As is known to those in the art, the voltage gain of a common emitter circuit is a function of the ratio of the collector resistance to the resistance in the emitter path. Thus, if the emitter path resistance greatly exceeds the collector resistance the voltage gain of the circuit is reduced to a very low level. In one typical circuit arrangement constructed in accordance with the present invention, a collector load resistance of 31 ohms was used, and the combined resistance of resistance 30 and that portion of resistance 31 series connected therewith to battery 41 totaled approximately 3000 ohms (the shunt megohm impedance of cutoff transistor 57 can be ignored for present purposes). Thus, this circuit exhibited a voltage gain of .01 during the sync pulse interval. With the gain of this transistor circuit so drastically reduced (to a value approaching zero) during the sync pulse interval, the sync pulse is effectively clipped or suppressed. An even greater degree of suppression or reduction in voltage gain can, of course, be achieved by further increasing the value of resistance 30 for example. However, a balanced output satisfactory for most purposes can be achieved if the voltage gain of the transistor 47 stage is reduced during the sync pulse interval to a value of .05 or less. For such a gain the emitter path resistance (e.g., the combined resistance of resistance 30 and that portion of resistance 31 series connected therewith) should be at least twenty times as great as the collector path resistance.

The sync pulse amplitudes at the output collectors are substantially equal, and the same may, of course, be readily varied by means of potentiometer 31. As indicated above, the transistors operate in a linear manner, except during the sync pulse interval, and hence the video signal is unaffected by the sync pulse clipping control so long as the control is not set at a level such that the sync pulse in the output composite signal is less than the peak Video signal. For television, this is, of course, the only permissible type of signal.

The output impedance of the amplifier remains constant and, for balanced operation, the same comprises the sum of resistances 34 and 38. The circuit is primarily intended for a balanced output mode of operation; however, if an unbalanced output is desired the same can be taken from the collector of transistor 47 for example.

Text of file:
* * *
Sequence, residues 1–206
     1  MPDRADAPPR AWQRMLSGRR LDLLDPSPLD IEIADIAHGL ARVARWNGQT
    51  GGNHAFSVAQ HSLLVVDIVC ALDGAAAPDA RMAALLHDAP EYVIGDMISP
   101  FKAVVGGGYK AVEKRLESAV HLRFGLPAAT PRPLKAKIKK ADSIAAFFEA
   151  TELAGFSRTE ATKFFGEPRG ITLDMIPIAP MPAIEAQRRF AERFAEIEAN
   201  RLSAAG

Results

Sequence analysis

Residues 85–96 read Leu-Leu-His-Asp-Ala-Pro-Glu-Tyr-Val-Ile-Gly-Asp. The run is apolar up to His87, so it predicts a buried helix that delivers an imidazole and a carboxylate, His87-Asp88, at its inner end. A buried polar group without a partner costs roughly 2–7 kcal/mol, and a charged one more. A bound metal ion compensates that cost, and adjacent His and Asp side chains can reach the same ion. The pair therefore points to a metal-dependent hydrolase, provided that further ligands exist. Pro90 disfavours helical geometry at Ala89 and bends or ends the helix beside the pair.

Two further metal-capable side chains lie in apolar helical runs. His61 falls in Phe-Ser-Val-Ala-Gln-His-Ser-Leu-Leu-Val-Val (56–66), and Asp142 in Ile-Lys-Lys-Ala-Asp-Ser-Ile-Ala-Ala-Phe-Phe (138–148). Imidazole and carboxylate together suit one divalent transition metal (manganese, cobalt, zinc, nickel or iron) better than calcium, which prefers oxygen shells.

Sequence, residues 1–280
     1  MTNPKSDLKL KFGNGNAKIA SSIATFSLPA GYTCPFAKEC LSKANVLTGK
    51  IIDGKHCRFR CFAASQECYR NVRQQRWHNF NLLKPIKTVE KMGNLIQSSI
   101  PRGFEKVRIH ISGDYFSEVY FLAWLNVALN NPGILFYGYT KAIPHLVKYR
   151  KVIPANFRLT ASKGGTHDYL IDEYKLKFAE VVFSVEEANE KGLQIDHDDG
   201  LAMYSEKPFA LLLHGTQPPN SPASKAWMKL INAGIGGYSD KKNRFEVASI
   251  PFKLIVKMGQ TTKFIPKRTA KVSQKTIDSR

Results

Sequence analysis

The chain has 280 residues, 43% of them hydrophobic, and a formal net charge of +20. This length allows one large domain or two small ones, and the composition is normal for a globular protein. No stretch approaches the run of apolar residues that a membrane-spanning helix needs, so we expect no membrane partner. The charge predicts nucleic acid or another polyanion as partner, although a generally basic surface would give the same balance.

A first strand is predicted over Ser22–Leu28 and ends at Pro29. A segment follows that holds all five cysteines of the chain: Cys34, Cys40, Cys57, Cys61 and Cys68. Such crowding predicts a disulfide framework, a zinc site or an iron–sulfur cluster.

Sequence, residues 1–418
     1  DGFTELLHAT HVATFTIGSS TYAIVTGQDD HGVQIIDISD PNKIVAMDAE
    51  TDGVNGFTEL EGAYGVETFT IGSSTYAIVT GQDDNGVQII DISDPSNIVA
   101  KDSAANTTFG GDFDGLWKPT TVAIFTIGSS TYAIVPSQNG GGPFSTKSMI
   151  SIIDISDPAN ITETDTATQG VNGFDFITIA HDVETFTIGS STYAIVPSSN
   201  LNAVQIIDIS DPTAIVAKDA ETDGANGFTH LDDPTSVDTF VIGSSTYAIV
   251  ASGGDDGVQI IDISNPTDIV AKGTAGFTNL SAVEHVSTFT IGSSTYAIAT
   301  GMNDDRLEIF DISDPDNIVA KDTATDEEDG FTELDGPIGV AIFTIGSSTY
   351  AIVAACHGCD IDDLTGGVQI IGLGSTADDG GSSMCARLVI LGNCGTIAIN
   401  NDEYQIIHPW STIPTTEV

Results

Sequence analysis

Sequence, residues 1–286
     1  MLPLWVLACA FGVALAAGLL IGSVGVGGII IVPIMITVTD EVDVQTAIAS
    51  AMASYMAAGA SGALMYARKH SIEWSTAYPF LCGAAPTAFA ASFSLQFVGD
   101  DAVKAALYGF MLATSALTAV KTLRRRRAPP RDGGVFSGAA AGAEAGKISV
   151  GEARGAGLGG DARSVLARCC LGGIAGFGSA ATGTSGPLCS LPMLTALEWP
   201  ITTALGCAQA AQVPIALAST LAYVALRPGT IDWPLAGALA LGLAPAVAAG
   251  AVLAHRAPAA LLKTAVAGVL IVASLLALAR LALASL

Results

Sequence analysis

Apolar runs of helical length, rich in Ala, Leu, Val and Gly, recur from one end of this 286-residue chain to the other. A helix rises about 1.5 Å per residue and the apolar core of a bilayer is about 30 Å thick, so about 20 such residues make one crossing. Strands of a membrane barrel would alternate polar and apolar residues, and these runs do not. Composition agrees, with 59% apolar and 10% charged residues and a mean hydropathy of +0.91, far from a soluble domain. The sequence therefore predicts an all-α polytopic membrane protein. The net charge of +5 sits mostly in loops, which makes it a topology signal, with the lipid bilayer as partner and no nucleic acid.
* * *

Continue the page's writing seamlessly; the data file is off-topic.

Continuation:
The input signals from the sources 10 and 11 may be applied directly to the base electrodes of transistors 47 and 57. This alternative arrangement is illustrated in FIG. 2 of the drawing, wherein like reference numerals designate corresponding circuit elements. This circuit operates in substantially the same manner as the four transistor version of FIG. 1, heretofore described. The input signals are cross-coupled via the common emitter interconnection so that substantially balanced composite signals appear at the collectors of transistors 47 and 57.

The input negative sync pulse will cause the transistor 47 to go into current cutoff, at a sync pulse level determined by the sync pulse clipping control 31. And when transistor 47 goes into cutoff the voltage gain of the other transistor 57 is reduced to practically zero, for the same reasons heretofore given. The gain of this latter circuit is, of course, less than that of the four transistor version of FIG. 1; and an exactly balanced output is not as readily obtained. In all other respects, this latter version of the present invention is the full equivalent of the four transistor circuit of FIG. 1.